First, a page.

Cereisen or "Auermetall®"
Cereisen is the german name for the pyrophoric Cerium-Iron alloy
Auermetall® flints for over 110 years
Baron Dr. Carl Auer von Welsbach filed a patent (DE 154807) in 1903 entitled "Pyrophore Metall-Legierung" (Pyrophoric metal alloy). This patent was the reason not only for the flints and lighter industry, but also of rare earth metallurgy as a whole.
This invention was an important starting point for the urban development of Treibach and the city of Althofen and through this development of the Auermetall® hundreds of people have also been able to find a safe workplace at this site over the years.
In former times up to 400 employees were employed in at that time called company "Treibacher Chemische Werke" in the mixed metal (rare earth metal alloy) and the flint production.
Today, 20 employees produce comparable quantities. An annual production of about 200 tons corresponds to about 1.25 billion high quality Treibacher Auermetall® flints. Treibacher Industrie AG is currently taking the leading market position with high-quality flints.
The Cereisen flint, or better known as "Auermetall® flint", often incorrectly called flint (flint or silex is a pebble-like rock), was invented by Dr. Carl von Welsbach. This resulted in the first industrial production in the "Treibacher Chemische Werke" in Treibach and spontaneously the new industry of lighter manufacturers was born. To this day, lighters are produced in every imaginable decorative design.
Auermetall® flints initially produced in the ingot casting or tube casting process, are today produced both by chill casting and in the extrusion process. Depending on the purpose, they are manufactured according to standardized measures for lighters and gas lighters. Its composition consists of an alloy of approximately 75-80% cerium mixed metal, 15-20% iron and other alloying partners such as copper, zinc, magnesium and aluminium.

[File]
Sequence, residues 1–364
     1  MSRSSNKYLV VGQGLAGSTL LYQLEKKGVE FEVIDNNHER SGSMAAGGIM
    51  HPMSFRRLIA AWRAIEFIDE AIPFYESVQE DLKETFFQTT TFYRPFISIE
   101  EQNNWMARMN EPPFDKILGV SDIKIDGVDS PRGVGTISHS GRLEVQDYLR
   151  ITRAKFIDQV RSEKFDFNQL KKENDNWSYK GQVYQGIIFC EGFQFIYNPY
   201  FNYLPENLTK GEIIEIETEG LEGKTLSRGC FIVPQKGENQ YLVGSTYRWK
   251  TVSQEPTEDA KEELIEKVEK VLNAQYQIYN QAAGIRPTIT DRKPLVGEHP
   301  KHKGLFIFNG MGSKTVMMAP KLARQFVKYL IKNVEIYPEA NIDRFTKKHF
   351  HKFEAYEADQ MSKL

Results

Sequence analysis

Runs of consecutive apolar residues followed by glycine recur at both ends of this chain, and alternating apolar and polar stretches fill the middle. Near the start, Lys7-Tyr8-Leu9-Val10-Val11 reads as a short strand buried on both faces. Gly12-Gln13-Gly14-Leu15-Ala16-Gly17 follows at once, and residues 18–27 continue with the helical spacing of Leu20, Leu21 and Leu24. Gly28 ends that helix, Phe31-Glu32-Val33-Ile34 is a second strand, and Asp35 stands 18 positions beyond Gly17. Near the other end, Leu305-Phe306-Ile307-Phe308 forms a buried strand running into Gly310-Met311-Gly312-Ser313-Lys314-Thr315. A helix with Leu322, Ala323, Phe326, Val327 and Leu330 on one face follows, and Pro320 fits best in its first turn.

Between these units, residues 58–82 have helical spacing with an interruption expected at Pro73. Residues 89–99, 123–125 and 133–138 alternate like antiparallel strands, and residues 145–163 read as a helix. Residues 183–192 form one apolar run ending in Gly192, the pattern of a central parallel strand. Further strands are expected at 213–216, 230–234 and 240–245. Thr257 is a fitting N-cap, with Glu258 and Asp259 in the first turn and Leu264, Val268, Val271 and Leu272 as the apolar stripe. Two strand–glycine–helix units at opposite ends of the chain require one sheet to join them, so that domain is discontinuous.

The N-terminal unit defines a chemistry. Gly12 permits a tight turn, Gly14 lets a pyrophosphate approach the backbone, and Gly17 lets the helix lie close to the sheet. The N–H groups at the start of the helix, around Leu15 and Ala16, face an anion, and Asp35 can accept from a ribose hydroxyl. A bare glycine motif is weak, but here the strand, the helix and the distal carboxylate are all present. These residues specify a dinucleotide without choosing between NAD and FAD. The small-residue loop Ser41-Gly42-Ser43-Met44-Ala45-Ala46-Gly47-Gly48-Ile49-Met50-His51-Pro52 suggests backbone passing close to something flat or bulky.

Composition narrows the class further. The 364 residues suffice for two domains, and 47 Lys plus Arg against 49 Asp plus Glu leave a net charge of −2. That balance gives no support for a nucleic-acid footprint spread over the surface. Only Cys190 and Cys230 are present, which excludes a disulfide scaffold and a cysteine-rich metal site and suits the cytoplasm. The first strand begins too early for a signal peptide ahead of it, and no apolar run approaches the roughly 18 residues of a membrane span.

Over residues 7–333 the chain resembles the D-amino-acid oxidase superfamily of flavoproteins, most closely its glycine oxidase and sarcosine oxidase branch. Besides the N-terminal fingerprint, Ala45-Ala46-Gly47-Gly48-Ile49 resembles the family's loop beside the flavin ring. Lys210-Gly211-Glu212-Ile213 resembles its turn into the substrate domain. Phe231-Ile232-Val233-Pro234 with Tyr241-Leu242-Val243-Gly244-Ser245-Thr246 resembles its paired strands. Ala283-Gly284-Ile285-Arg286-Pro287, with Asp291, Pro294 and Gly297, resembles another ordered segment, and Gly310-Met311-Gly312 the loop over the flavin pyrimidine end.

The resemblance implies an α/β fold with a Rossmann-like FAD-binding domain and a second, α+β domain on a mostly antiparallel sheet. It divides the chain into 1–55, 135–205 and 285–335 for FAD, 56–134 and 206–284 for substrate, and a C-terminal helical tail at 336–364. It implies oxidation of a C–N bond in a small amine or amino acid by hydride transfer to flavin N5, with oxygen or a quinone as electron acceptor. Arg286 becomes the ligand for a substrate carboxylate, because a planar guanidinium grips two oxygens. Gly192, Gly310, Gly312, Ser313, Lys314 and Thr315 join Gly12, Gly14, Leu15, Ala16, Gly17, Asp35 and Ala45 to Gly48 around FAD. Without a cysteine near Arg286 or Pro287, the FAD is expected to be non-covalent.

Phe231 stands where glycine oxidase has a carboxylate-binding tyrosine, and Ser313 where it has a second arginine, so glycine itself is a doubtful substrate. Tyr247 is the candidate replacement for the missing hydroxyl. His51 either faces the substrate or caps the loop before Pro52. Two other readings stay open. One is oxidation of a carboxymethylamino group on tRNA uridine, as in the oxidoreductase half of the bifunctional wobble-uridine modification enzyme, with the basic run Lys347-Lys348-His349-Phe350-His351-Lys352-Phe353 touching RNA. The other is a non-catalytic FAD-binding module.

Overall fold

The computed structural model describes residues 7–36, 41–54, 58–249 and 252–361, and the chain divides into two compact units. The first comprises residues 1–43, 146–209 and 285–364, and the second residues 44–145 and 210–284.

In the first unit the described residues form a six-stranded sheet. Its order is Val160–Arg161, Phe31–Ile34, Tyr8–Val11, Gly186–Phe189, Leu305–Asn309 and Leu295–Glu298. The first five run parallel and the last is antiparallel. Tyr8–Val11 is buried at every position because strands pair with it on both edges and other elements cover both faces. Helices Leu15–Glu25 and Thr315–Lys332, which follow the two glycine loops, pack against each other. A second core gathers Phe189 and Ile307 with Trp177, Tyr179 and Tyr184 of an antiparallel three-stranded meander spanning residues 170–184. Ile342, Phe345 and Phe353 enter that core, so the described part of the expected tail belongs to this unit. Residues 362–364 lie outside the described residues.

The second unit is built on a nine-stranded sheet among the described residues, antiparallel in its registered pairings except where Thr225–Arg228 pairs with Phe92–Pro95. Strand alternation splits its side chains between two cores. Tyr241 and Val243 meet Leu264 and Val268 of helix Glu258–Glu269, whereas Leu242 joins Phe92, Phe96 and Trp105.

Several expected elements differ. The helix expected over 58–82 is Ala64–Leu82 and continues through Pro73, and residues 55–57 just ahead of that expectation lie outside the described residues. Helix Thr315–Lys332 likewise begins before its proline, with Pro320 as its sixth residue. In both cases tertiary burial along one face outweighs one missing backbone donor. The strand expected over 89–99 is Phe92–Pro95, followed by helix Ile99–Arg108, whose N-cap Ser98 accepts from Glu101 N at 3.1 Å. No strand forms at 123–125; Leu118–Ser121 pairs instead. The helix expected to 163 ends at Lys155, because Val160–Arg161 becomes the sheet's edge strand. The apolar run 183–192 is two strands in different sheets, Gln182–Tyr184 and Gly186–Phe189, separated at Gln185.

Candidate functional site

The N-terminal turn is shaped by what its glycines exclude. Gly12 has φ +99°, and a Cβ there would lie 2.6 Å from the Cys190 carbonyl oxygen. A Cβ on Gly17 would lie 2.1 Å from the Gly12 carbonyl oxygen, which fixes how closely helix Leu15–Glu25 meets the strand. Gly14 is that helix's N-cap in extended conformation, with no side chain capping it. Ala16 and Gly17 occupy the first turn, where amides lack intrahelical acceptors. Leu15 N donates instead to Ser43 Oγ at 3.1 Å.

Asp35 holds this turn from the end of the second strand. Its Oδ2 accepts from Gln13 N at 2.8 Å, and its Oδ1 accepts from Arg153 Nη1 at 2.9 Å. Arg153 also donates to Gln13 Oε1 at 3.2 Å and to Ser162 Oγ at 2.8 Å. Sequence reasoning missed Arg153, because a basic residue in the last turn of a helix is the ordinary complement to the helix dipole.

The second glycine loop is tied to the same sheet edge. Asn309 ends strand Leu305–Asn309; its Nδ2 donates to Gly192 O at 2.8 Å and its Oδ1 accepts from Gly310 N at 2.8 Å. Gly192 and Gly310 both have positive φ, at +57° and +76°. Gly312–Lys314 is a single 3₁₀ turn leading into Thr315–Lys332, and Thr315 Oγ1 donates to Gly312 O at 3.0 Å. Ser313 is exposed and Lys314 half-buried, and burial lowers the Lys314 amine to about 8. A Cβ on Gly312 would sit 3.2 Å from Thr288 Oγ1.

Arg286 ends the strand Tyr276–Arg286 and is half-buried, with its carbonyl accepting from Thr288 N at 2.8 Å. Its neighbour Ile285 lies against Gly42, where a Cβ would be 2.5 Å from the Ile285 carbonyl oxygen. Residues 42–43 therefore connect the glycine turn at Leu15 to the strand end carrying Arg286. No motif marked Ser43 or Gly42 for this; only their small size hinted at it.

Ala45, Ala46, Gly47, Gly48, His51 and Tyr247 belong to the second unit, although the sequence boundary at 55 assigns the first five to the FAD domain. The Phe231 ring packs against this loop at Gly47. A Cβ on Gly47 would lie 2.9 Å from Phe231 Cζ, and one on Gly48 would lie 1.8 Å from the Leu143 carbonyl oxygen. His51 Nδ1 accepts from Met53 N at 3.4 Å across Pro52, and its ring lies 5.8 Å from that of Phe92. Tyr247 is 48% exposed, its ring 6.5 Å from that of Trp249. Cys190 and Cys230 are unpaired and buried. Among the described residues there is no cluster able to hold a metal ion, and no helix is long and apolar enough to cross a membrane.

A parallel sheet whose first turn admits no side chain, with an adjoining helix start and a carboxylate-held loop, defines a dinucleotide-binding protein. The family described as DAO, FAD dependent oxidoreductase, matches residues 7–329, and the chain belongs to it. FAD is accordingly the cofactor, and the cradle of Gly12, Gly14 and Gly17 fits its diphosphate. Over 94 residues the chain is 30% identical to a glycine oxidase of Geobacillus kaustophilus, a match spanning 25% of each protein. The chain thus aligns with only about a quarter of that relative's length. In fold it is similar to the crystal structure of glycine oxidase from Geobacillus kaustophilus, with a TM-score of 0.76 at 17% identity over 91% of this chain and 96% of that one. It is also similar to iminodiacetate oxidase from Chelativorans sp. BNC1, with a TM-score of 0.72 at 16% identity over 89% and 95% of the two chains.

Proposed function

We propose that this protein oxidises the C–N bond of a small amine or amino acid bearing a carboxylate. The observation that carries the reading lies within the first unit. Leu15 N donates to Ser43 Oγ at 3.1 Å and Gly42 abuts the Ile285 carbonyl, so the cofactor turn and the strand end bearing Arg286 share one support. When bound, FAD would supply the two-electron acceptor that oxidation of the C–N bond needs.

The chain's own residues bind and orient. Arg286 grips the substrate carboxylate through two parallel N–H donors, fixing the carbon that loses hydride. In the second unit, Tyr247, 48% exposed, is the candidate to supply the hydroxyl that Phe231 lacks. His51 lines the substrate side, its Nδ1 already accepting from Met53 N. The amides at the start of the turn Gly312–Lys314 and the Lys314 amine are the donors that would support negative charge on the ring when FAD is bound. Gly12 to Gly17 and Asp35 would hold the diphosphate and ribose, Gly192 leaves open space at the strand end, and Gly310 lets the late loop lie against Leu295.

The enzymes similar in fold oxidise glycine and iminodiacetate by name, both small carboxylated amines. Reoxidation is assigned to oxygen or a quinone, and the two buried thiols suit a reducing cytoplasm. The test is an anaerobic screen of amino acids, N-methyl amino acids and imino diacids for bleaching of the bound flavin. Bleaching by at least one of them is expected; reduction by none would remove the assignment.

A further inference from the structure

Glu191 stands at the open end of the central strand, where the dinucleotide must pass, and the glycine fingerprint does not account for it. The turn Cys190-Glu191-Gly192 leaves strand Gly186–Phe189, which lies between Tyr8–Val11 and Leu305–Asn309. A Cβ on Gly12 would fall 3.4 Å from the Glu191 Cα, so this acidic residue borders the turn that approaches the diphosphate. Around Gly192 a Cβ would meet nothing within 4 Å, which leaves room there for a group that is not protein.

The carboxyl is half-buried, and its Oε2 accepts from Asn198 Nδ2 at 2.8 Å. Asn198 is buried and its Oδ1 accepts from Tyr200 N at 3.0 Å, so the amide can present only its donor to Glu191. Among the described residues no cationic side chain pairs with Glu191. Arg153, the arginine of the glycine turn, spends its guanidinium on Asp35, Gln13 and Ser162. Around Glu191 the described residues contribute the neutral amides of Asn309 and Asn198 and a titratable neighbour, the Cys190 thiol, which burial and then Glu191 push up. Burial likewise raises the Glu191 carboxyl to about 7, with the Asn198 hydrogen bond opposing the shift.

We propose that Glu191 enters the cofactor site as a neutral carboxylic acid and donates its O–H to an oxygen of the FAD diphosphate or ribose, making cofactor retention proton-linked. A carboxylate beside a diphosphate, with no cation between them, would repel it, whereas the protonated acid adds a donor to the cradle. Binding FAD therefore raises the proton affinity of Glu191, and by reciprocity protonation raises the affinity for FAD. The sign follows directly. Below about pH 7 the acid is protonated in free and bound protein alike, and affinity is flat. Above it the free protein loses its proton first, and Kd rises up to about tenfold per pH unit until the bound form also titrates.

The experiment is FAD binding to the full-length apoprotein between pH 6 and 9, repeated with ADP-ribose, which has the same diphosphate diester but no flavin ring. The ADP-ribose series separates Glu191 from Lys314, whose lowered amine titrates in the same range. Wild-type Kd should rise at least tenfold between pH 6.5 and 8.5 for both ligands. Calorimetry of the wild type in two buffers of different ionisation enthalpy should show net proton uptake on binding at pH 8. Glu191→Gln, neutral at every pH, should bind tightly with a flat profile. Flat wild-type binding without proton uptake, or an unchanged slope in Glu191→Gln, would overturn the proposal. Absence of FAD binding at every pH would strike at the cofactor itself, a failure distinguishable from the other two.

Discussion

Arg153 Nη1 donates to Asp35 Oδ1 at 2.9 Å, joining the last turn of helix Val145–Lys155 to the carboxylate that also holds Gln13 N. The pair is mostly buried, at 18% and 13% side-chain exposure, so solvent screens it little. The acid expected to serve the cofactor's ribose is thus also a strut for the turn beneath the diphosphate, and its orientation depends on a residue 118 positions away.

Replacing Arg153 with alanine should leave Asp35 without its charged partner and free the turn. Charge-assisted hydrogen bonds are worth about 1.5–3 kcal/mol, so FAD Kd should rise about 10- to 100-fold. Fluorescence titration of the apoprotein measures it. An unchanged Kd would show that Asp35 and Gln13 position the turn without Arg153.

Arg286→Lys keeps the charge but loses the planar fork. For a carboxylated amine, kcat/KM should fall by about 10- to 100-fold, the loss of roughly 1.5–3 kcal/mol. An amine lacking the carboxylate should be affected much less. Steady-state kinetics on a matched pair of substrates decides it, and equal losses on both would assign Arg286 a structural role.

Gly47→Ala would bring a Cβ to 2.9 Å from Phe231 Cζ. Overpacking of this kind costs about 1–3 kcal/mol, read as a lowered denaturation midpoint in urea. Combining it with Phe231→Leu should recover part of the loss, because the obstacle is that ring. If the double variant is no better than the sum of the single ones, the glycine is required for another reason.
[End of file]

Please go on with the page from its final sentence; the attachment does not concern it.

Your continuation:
Initially, the Auermetall® flint was hit in the lighter against a steel edge that was near the petrol-soaked wick. This ignition technique was somewhat unreliable and therefore the shape of the flint was changed to a more elongated and flatter shape, which was attached to the outside of the lighter. This allowed one to rub over the flint with light pressure, igniting the petrol soaked wick in the steel tube. Because of the flat shape of these known as "Treibacher lighters" fire dispensers were preferably worn in the vest pocket of the dress suit, and they called her briefly "tailcoat igniter", in German "Frackzünder".
Without a doubt, the Auermetall® lighter has prevailed quickly and globally to this day. Since about 1909, the more comfortable sparking wheels have been used to get sparks.
However, the good old match for whose protection, among other things, a lighter tax was established in France, could not completely displace it. But also new ignition methods, such as the piezo ignition and the battery high-voltage ignition, could not replace the Auermetall® ignition on lighters.
On the contrary, for several years now, the Auermetall® lighter has received a new upswing as a low-cost and utility lighter in the form of the "disposable flint lighter" and is very popular worldwide.